While OSU’s EM office may not have a need for this kind of application, it does serve to keep us mindful of what the future may hold and keep us thinking about advancing our web presence rather than just meeting today’s needs.

– Nokia has a simulator for testing

– Opera, while lagging in the desktop browser arena, has pulled a back door maneuver to position their browser on mobile devices. Nokia phones will feature Opera in the future for example. They also have a built-in small screen viewer for use on their desktop browser for use in testing.

– XHTML-MP is the emerging standard for mobile devices.

Forward Thinking Design – Cameron Moll

Similar to Molly’s Beyond the Desktop presentation, Cameron talked about the challenges and options a web team faces in designing for mobile devices. His entire presentation is available on his website, and was compiled with the help of 50-60 test partners on various phones and pda’s. http://www.cameronmoll.com

– device of choice, Palm Treo 650

– 2-3 years before a majority of mobile users will utilize the web on those devices. Other experts say 5 years.

– The majority of web use on enabled devices is to obtain ring tones and wallpapers at this time.

– OMA: Open Mobile Alliance

Blogging Your Portfolio – DL Byron

Byron (as he refers to himself) took this opportunity to explore what blogging is and to give specific examples of the runaway success of this emerging web trend. About half of his audience were skeptics, so he spent a lot his time speaking to what makes this different from a 10 year old’s Geocities website about his cat. A very well versed discussion, I will be looking to follow his work more closely.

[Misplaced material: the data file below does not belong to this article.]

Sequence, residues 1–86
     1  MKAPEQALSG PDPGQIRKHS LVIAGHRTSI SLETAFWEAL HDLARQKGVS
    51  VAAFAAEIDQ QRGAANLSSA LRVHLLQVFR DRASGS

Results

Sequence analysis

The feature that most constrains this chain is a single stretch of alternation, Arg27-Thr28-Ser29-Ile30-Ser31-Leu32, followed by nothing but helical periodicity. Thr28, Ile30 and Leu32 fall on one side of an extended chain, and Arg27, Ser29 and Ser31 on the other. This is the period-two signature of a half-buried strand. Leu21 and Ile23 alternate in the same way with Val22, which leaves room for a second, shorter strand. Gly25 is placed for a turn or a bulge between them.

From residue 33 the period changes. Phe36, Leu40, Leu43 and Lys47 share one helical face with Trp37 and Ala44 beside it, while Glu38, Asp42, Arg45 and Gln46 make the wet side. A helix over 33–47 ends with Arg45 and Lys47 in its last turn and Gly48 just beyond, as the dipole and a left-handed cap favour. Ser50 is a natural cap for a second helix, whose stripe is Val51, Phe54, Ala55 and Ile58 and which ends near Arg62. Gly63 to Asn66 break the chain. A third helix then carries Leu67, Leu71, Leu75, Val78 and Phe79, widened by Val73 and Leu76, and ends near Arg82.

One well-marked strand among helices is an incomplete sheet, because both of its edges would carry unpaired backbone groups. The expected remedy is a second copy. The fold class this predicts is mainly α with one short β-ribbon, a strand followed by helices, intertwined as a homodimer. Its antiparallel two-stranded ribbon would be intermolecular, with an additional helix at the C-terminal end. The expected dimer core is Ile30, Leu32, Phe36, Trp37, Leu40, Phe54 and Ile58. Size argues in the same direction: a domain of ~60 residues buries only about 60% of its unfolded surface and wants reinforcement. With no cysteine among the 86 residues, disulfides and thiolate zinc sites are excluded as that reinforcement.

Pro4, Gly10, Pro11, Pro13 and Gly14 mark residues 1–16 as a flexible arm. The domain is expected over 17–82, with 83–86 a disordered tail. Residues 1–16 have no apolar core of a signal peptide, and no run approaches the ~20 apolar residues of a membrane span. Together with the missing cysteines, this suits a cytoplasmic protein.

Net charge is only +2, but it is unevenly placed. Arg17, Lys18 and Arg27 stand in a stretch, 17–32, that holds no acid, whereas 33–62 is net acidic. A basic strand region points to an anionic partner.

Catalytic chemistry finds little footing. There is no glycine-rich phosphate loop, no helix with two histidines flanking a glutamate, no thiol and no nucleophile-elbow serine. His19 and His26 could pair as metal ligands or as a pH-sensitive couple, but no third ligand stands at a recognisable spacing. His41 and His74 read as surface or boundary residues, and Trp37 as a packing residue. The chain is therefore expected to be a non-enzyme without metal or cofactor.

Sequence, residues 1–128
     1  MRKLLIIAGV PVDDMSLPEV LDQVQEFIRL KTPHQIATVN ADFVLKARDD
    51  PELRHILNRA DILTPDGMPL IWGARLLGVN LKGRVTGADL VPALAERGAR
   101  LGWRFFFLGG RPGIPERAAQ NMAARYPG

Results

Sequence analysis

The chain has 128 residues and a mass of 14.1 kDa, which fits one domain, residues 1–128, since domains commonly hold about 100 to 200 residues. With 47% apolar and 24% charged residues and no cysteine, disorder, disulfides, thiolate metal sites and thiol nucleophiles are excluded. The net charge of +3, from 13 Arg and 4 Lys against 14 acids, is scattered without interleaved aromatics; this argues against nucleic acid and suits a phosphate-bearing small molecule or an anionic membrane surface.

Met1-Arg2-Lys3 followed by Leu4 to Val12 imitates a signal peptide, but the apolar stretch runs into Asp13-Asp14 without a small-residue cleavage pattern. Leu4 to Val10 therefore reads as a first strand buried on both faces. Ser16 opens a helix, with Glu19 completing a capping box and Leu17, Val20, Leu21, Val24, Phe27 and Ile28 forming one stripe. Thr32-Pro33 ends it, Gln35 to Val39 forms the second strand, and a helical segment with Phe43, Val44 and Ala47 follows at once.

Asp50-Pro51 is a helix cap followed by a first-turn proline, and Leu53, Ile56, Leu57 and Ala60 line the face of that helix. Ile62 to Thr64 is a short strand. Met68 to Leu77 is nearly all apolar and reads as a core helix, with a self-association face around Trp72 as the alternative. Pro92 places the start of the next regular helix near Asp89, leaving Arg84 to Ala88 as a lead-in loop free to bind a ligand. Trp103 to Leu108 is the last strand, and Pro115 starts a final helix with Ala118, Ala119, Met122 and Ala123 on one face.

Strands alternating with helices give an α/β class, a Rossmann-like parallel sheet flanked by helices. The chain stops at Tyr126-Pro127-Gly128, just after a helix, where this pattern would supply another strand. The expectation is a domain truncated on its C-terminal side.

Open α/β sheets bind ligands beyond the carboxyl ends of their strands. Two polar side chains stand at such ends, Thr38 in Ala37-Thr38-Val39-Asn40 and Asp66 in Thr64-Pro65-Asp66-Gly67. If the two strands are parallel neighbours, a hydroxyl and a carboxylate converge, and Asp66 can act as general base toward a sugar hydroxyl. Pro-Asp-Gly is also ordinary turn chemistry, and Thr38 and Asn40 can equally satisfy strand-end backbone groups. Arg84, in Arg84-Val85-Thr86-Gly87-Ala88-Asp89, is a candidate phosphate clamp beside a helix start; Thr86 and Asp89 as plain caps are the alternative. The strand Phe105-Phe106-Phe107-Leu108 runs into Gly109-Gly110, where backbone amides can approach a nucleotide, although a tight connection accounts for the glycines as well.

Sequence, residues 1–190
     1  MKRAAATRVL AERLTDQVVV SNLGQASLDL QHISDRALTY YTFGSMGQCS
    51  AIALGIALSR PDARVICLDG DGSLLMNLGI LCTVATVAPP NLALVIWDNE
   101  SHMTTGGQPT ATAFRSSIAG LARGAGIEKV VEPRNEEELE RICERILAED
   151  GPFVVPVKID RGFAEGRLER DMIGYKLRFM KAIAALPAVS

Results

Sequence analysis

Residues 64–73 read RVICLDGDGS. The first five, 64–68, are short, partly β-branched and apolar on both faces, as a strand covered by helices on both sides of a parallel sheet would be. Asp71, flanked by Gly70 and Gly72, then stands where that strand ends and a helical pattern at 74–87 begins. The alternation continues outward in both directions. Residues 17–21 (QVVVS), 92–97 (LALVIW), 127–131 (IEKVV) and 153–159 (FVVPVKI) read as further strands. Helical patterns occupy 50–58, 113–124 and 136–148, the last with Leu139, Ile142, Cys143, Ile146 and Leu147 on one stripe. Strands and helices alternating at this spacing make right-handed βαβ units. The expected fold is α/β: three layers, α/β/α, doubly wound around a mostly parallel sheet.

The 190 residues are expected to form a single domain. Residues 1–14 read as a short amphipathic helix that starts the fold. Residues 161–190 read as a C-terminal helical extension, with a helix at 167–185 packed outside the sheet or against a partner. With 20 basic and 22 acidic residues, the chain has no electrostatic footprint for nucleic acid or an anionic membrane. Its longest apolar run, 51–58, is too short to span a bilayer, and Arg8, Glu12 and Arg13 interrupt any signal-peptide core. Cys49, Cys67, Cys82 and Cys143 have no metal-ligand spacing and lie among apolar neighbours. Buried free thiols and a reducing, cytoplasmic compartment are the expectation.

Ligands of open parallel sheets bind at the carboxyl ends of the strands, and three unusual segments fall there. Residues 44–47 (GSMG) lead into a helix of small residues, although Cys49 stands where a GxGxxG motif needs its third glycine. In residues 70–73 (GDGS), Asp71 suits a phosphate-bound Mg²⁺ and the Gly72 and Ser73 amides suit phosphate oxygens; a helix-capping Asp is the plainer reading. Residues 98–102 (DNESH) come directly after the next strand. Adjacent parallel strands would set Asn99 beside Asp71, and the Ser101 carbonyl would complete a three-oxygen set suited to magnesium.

– Google loves blogs! Blogs are all about linking and fresh content. Plus, they feature one of the more popular blogging services.

– He made a simple blog about his dog called pugblog.com. Within just 7 days of being published, it was #1 on Google.

– Byron recently set up the blog for Randy Baseler, a big wig at Boeing. The blog was launched the same day that Airbus Industries announced the launch of their new super sized commercial jet liner. But news about the blog spread quicker than the Airbus press release and effectively stole their thunder in the commercial airline industry. http://www.boeing.com/randy/ He used this blog to demonstrate how many large companies are using blogs to put a human face on a corporate giant.

– Another Boeing blog, flight test journal: http://www.boeing.com/commercial/777family/200LR/flight_test/

– Another such example is the blogging being done by Microsoft on their Microsoft Developer Network. These blogs are frequently straight from the designers and programmers who are working on the latest offerings. Byron said that the MSDN now features over 1000 blogs! Molly mentioned in an earlier seminar that this kind of contact was helping to shape the future IE 8 releases to be more standards compliant and less divergent with proprietary offerings. (sidebar: However, IE 7 is just about set in stone and features little of this collaborative effort.)

– Another colleague of Byron’s started http://www.tdfblog.com/, a Tour de France blog featuring an .rss feed. Because no one else was offering a blog or .rss about the TDF, he utilized Google AdSense and a few sponsor banners, and now has so many visitors coming to his site, he pays his mortgage and car payment with revenues generated by this site alone!

– Trackbacks ARE NOT good for blogging and add clutter to the internet. http://www.movabletype.org/trackback

– Blog Summit coming to San Francisco in August: http://www.blogbusinesssummit.com/

– GM’s blog: http://fastlane.gmblogs.com/

– For our cat lovers, and yes, he cited this in his presentation! http://mycathatesyou.com/

– A notable web design shop’s blog, http://www.simplebits.com/notebook/